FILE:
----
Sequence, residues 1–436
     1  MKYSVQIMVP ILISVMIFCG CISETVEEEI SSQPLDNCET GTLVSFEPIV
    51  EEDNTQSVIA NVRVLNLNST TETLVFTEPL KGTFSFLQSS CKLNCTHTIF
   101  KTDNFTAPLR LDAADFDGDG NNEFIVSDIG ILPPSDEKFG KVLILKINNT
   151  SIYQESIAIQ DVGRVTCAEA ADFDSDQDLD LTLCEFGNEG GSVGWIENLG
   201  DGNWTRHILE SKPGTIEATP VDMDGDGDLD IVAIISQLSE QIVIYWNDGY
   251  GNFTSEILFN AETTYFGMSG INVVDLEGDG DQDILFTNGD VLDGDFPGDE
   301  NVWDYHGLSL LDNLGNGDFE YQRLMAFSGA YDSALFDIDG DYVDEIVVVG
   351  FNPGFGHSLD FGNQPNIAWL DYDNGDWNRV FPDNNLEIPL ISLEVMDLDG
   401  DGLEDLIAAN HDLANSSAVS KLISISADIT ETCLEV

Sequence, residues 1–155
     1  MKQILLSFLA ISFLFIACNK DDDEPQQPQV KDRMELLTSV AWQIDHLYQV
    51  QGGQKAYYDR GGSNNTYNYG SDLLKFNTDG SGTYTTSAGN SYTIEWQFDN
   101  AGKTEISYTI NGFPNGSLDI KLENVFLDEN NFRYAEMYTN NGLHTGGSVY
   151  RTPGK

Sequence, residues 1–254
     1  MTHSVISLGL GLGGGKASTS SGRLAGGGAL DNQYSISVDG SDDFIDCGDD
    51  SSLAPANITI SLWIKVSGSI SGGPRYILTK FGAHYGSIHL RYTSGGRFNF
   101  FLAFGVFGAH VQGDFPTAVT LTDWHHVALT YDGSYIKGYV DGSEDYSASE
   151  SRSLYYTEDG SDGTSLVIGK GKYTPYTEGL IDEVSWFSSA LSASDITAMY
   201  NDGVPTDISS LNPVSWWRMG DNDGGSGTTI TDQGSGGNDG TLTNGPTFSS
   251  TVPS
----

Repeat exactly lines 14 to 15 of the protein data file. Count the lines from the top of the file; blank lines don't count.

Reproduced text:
   101  AGKTEISYTI NGFPNGSLDI KLENVFLDEN NFRYAEMYTN NGLHTGGSVY
   151  RTPGK